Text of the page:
Operators of motor vehicles also have certain duties when approaching and crossing a railroad track. "The duty imposed upon every man to exercise ordinary care for his own safety requires that in approaching a railroad track, he must use his senses in a way that ordinarily prudent persons would do under similar circumstances, in order to determine whether it is safe to cross the track at that time." Nashville, Chattanooga & St. Louis Ry. Co. v. Stagner, 205 S.W.2d 493, 494-495 (Ky. 1947). Thus, "[a] driver of an automobile whose view is obscured or whose hearing is impaired by any condition must exercise care commensurate with the factual situation and proceed with more caution than where he has an unobstructed view." Id. at 494 (citations omitted). In addition, under Kentucky statute, the operator of a vehicle is required to "stop and remain standing at a railroad grade crossing" when "[a] visible electric or mechanical signal device warns of the immediate approach of a railroad train, " or when "[a]n approaching train is visible and in hazardous proximity." KRS 189.560(1)(a), (1)(c).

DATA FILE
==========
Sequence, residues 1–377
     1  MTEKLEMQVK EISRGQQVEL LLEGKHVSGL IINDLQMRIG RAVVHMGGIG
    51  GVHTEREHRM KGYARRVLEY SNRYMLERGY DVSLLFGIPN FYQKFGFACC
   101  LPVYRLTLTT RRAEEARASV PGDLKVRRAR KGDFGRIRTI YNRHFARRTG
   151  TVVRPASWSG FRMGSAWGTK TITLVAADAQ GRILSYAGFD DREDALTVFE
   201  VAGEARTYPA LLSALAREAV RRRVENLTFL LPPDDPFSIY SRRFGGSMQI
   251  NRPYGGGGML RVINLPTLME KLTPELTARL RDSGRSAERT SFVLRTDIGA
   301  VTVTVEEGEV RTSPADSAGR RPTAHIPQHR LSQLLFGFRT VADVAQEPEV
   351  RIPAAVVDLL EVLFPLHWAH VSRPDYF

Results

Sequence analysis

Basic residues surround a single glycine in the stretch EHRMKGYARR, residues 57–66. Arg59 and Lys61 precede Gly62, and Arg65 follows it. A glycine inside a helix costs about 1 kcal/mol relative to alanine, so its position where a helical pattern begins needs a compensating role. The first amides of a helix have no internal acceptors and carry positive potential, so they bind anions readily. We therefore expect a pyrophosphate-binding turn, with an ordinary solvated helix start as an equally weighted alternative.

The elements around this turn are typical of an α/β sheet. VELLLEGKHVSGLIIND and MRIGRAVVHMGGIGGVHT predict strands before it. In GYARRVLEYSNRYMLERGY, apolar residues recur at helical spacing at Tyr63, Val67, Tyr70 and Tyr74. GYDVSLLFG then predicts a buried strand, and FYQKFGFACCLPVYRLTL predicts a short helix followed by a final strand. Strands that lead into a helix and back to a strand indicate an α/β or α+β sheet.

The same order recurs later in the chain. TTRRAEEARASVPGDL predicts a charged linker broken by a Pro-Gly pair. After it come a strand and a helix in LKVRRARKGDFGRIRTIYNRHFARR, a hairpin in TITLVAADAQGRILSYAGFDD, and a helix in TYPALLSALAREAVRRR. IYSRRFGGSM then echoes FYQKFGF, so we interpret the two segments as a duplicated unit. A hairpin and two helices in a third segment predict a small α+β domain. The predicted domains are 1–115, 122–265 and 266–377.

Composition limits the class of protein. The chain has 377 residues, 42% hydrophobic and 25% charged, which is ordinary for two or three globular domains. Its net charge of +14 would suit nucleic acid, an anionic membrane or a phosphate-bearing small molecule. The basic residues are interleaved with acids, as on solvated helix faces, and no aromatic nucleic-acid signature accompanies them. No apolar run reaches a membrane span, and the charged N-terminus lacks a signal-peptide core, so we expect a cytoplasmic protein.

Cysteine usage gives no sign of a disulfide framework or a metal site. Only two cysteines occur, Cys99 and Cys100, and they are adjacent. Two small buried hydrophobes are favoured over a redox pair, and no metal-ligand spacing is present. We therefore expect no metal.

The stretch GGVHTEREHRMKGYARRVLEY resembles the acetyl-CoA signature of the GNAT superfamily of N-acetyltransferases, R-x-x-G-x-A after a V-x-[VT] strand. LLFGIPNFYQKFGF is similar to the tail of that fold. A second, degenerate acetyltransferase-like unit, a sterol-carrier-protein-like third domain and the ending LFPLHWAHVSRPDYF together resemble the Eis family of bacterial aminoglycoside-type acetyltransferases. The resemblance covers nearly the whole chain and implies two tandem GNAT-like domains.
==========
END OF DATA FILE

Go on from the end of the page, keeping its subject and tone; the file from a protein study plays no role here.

Here, Plaintiff does not contend that the train was not under reasonable control or was not operating at a reasonable speed. Plaintiff also does not dispute that Ammons drove her car into the side of the lead locomotive of the train. Nor does Plaintiff dispute the conclusions of Defendants' expert, Kenneth R. Agent, that Ammons was traveling at approximately 35 miles per hour at the time of the collision; she did not slow as she approached the crossing; and examination of the rear filaments show that Ammons was braking when the impact occurred. Thus, the parties appear to agree that Ammons was not aware of the presence of the train until immediately before striking it in the crossing. Rather, Plaintiff alleges that Defendants failed to comply with the duty to sound the train's horn or whistle as it approached the crossing. Plaintiff also alleges that the flashing warning lights at the crossing were malfunctioning. However, Plaintiff has failed to present sufficient evidence on which a jury could reasonably find that the train's horn did not sound or that the flashing warning lights were not functioning.

A. Evidence Regarding the Train's Horn and the Flashing Warning Lights